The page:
Distinguished Su Lectureship

Su image

With the establishment of the Su Conference Room and the Su Distinguished Lecture Series, the University of Rochester joins the Su family in honoring Professor Su's long and distinguished career in Chemical Engineering and the spirit with which he pursued it.

For more information see about the lectureship below.

The 21st G.J. and S.T. Su Distinguished LectureshipKristin Persson

Speaker: Professor Eray S. Aydil
             NYU/Tandon School of Engineering

Date: April 17, 2024

Lecture room: Hawkins-Carlson Room (RRL)

Seminar: 11:30am, Luncheon to follow




About the Lectureship

In honor of Professor Gouq-Jen Su (1908-1996)

Professor Su lived a long and productive life, dedicated to the pursuit of ideas and ideals. He was born in 1908 in Fukien, a coastal province in the southern region of China. He attended a Northern Baptist missionary school as a teenager. In 1931, at the age of 23, Professor Su graduated from Tsing Hua University in Peking. In 1934, Gouq-Jen Su was one of the several college graduates selected, through a nation-wide examination, to further his studies at the graduate level, in the United States. That summer, he journeyed to MIT to continue his studies and, in three years, received his D.Sc. degree.

During World War II, Dr. Su served for four years as chairman of the Chemical Engineering Department at Tsing Hua University. He helped design and operate an alcohol fermentation plant and a sugar refinery in Kunming. The alcohol produced was mixed with gasoline and was utilized as liquid fuel for U.S. Army motor vehicles traveling on the Burma Road, some forty years ahead of gasohol.

Professor Su joined our faculty at the University of Rochester in 1947 and retired in 1974, though continuing as Emeritus for the remainder of his life. Over his active fifty-year career, Professor Su supervised 33 master's students and 15 doctoral students. Among his numerous publications, his outstanding papers on applied thermodynamics have been widely cited and are considered landmarks in the field. He proposed a modified form of the van der Waals Law of Corresponding States. Every thermodynamics textbook, to this day, contains his generalized equations of state for real gases.

Shou-Tsung Su grew up and was schooled in a family complex which is now a National Museum and was the location for the movie “Raise the Red Lantern”. She left home to attend Nankai High School in Tianjin and was one of a handful of women to graduate from the prestigious Tsing Hua University, where she majored in chemistry and met Gouq-Jen Su. Shou-Tsung was an award-winning painter of Chinese watercolors, loved gardening, cooking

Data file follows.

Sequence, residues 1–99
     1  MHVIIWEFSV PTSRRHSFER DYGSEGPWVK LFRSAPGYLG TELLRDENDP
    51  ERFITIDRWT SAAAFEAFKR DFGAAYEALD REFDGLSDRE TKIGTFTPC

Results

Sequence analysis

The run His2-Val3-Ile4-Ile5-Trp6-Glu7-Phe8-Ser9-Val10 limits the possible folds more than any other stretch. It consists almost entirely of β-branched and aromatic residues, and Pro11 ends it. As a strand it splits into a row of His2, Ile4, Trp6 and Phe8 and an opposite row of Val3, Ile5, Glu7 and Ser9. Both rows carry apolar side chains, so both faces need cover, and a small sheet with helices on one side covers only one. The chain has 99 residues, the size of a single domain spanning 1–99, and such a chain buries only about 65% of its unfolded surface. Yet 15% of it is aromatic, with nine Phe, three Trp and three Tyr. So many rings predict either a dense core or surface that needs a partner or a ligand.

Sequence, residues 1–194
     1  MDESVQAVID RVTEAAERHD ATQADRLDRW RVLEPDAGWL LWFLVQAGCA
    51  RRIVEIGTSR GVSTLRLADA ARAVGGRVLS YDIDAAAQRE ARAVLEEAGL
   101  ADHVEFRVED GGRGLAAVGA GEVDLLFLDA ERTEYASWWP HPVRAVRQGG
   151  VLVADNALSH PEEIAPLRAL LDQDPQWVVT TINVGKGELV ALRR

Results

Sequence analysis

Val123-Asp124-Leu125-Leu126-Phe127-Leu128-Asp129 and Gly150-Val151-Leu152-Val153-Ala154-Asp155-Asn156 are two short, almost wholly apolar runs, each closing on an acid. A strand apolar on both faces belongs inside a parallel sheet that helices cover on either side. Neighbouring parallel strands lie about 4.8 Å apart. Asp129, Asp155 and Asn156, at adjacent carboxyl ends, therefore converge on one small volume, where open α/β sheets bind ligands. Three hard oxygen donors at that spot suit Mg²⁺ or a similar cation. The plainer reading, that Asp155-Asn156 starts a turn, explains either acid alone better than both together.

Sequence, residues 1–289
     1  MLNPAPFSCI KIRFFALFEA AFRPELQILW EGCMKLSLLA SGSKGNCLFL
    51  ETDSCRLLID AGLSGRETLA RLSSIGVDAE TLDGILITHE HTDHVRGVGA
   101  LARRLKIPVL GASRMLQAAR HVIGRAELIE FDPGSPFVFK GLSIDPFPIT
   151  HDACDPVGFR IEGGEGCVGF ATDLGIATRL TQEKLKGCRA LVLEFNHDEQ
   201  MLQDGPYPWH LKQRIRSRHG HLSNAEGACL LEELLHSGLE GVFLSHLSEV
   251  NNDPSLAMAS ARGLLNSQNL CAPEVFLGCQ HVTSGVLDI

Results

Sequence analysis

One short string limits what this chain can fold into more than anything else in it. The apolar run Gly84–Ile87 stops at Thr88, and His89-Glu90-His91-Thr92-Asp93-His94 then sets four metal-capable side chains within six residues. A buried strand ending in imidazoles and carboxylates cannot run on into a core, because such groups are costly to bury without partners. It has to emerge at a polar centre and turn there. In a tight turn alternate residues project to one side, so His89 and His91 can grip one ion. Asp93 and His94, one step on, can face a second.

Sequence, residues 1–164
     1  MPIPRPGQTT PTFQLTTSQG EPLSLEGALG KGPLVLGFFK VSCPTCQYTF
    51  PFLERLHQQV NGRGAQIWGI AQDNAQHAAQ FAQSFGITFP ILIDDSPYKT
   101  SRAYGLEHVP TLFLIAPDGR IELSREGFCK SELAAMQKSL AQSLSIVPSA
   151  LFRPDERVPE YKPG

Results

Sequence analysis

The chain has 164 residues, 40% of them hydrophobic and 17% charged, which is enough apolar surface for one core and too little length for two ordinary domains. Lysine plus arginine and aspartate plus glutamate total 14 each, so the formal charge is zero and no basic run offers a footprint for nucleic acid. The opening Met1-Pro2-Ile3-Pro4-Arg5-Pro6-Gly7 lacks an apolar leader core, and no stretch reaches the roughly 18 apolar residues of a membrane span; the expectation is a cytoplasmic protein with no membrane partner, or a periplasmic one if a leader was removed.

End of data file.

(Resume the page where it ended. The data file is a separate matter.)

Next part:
Past Lecturers

Past Su Distinguished Lecturers
20thApril 19, 2023Professor Kristin PerssonUC Berkeley/LBNL
19thApril, 6, 2022Professor Thomas JaramilloStanford University
18thMarch 17, 2021Professor Alexis BellUniversity of California-Berkley
17thApril 18, 2019Professor Daniel G. NoceraHarvard University
16thApril 25, 2018Professor Carol HallNorth Carolina State University
15thApril 26, 2017Professor Linda J. BroadbeltNorthwestern University
14thApril 27, 2016Professor Paula T. HammondMassachusetts Institute of Technology
13thApril 29, 2015Professor Ching TangUniversity of Rochester
12thApril 23, 2014Professor Donald R. PaulUniversity of Texas at Austin
11thMay 1, 2013Professor Christopher N. BowmenUniversity of Colorado Boulder
10thApril 25, 2012Professor James C. LiaoUniversity of California, Los Angeles
9thMay 5, 2010Professor Brian KorgelUniversity of Texas at Austin
8thMay 20, 2009Professor Tobin MarksNorthwestern University
7thApril 30, 2008Professor Joseph M. DeSimoneUniversity of North Carolina at Chapel Hill
6thMarch 22, 2007Professor Michael GraetzelSwiss Federal Institute of Technology
5thApril 26, 2006Professor Eric W. KalerUniversity of Delaware
4thApril 25, 2005Professor Hector D. AbrunaCornell University
3rdApril 13, 2004Professor Thomas A. ZawodzinskiCase Western University
2ndMay 9, 2003Professor Jacob IsraelachviliUniversity of California, Santa Barbara
1stApril 24, 2002Professor Jackie YingMassachusetts Institute of Technology